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Nuclear News - 10/29/99
RANSAC Nuclear News, 29 October 1999


A.  Nuclear Power Industry

  1. Norilsk Reactor Put Out Of Use, Bellona (10/27/99)
B.  U.S. – Russia General
  1. US Aims to Upset International Security Principles, ItarTass (10/27/99)
  2. Russians Search American's Apt, Associated Press(10/28/99)
  3. U.S. Researcher's Home Searched, Moscow Times (10/29/99)
C.  Russian Military
  1. Russian Premier Vows To Rebuild Military Might, Reuters(10/28/99)
D.  ABM, Missile Defense
  1. Russia Will Not Haggle With U.S. On ABM, Agence FrancePresse (10/29/99)

A. Nuclear Power Industry

1.
Norilsk Reactor Put Out Of Use
        Igor Kudrik
        Bellona
        October 27, 1999
        (for personal use only)

The world's north-most nuclear reactor in north-western Siberia belongsto history.

Spent fuel from the north-most nuclear reactor in Norilsk, north-westernSiberia, was shipped to Murmansk last month and then further down to Mayakreprocessing plant in South Urals.

The reactor was operated by Norilsk Mining Combine since 1966 and issituated four kilometres from the city of Norilsk. The reactor is saidto have been used to define the quality of the ore, mined by the combine,by irradiating it and conducting spectrometer analysis. The reactor becameobsolete when the combine - a biggest Russian ore exporter - bought up-to-date
spectrometers abroad.

In June 1998, the reactor core containing 71 fuel assemblies was removedand placed into an on-site storage pool. The fuel loaded for the firstand last time in 1966 was only slightly irradiated what proves that thereactor has been hardly in use during its 33-year lifetime. Fuel enrichmentwas not higher than 10 percent.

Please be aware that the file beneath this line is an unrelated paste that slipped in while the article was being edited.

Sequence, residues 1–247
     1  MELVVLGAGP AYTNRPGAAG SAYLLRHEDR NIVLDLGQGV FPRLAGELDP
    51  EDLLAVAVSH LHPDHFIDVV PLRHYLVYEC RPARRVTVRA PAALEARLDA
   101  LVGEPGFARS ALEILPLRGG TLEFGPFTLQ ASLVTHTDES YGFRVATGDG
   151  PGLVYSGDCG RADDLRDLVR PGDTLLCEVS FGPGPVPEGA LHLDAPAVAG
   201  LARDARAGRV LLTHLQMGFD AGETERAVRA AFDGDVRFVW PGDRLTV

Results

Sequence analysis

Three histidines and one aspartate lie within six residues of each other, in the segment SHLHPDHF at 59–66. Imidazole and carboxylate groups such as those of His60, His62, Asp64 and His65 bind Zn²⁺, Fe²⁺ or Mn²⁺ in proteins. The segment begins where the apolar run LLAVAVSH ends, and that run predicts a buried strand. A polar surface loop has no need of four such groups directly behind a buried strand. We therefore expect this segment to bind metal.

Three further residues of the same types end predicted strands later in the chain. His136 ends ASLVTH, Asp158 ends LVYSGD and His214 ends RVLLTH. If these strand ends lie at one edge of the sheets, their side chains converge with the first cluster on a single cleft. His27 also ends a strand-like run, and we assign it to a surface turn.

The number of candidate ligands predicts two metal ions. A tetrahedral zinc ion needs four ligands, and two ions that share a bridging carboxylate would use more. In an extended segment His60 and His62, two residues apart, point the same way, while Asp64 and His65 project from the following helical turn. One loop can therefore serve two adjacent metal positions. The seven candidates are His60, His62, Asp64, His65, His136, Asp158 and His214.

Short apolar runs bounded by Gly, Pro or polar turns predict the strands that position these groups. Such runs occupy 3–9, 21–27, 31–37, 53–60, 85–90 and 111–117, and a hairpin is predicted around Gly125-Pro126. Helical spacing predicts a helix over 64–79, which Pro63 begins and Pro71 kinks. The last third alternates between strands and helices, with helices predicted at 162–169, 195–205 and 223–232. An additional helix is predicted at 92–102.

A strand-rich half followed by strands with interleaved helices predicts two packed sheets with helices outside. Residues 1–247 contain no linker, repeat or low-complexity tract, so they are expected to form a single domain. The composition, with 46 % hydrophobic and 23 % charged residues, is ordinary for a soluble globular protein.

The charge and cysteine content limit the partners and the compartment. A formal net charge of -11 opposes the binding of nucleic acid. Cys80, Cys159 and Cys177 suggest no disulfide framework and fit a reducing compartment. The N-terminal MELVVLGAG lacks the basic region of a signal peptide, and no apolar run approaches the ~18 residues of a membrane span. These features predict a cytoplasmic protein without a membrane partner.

In September this year, a team from Murmansk Shipping Company, the operatorthe nuclear powered icebreakers fleet, arrived at Norilsk to ship the fuelaway. The nuclear cargo was loaded into TUK-19 type transport casks, designedto accommodate fuel from research reactors, put on truck and transportedto Dudinka seaport. There the containers were placed onboard Kandalakshadry cargo ship that headed to Murmansk. In Murmansk the containers weretransferred to railway cars built to transport spent fuel, derived fromresearch reactors, that proceeded to Mayak reprocessing plant in SouthUrals.

The future of the reactor vessel itself remains uncertain. No plansregarding its further use or decommissioning have been announced so far.

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B. U.S. –Russia General

1.
US Aims to Upset International Security Principles
        Itar Tass
        October 27, 1999
        (for personal use only)

MOSCOW, October 27 (Itar-Tass) - The United States actions are aimedat upsetting international security norms and principles, Colonel-GeneralLeonid Ivashov, chief of the Russian Defence Ministry's international militarycooperation agency, stated in Krasnaya Zvezda (Red Star) newspaper issueon Wednesday.